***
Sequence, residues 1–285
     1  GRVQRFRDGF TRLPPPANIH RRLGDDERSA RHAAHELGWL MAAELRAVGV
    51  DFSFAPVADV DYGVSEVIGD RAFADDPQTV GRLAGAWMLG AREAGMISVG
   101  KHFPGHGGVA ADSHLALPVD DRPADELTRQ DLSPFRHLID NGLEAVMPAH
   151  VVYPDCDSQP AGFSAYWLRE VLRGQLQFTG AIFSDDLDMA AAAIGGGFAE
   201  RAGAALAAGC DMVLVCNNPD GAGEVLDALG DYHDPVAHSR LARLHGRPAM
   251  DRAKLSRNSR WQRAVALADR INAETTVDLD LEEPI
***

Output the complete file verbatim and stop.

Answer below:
Sequence, residues 1–285
     1  GRVQRFRDGF TRLPPPANIH RRLGDDERSA RHAAHELGWL MAAELRAVGV
    51  DFSFAPVADV DYGVSEVIGD RAFADDPQTV GRLAGAWMLG AREAGMISVG
   101  KHFPGHGGVA ADSHLALPVD DRPADELTRQ DLSPFRHLID NGLEAVMPAH
   151  VVYPDCDSQP AGFSAYWLRE VLRGQLQFTG AIFSDDLDMA AAAIGGGFAE
   201  RAGAALAAGC DMVLVCNNPD GAGEVLDALG DYHDPVAHSR LARLHGRPAM
   251  DRAKLSRNSR WQRAVALADR INAETTVDLD LEEPI